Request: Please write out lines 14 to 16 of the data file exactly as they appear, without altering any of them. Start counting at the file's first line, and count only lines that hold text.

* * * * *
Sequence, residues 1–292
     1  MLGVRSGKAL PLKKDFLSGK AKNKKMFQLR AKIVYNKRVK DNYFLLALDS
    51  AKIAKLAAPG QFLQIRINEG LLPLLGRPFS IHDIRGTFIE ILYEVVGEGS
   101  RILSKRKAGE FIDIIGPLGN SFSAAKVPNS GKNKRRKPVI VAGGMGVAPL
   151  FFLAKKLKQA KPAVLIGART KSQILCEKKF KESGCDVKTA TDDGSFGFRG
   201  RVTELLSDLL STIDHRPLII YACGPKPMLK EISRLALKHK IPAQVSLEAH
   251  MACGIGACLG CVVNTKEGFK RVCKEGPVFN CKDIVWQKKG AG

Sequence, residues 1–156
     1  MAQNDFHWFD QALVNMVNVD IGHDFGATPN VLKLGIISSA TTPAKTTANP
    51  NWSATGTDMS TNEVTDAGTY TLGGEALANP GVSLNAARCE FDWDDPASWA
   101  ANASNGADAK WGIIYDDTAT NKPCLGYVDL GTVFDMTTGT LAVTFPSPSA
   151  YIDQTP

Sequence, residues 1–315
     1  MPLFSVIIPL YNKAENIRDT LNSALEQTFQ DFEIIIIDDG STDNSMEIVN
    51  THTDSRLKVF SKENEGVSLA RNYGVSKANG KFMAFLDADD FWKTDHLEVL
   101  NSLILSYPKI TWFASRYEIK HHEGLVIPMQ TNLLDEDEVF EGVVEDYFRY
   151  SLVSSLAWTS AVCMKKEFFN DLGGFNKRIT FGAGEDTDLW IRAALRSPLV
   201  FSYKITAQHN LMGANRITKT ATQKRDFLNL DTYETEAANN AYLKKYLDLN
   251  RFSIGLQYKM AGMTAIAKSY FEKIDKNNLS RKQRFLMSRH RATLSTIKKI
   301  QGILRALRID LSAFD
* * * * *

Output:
     1  MPLFSVIIPL YNKAENIRDT LNSALEQTFQ DFEIIIIDDG STDNSMEIVN
    51  THTDSRLKVF SKENEGVSLA RNYGVSKANG KFMAFLDADD FWKTDHLEVL
   101  NSLILSYPKI TWFASRYEIK HHEGLVIPMQ TNLLDEDEVF EGVVEDYFRY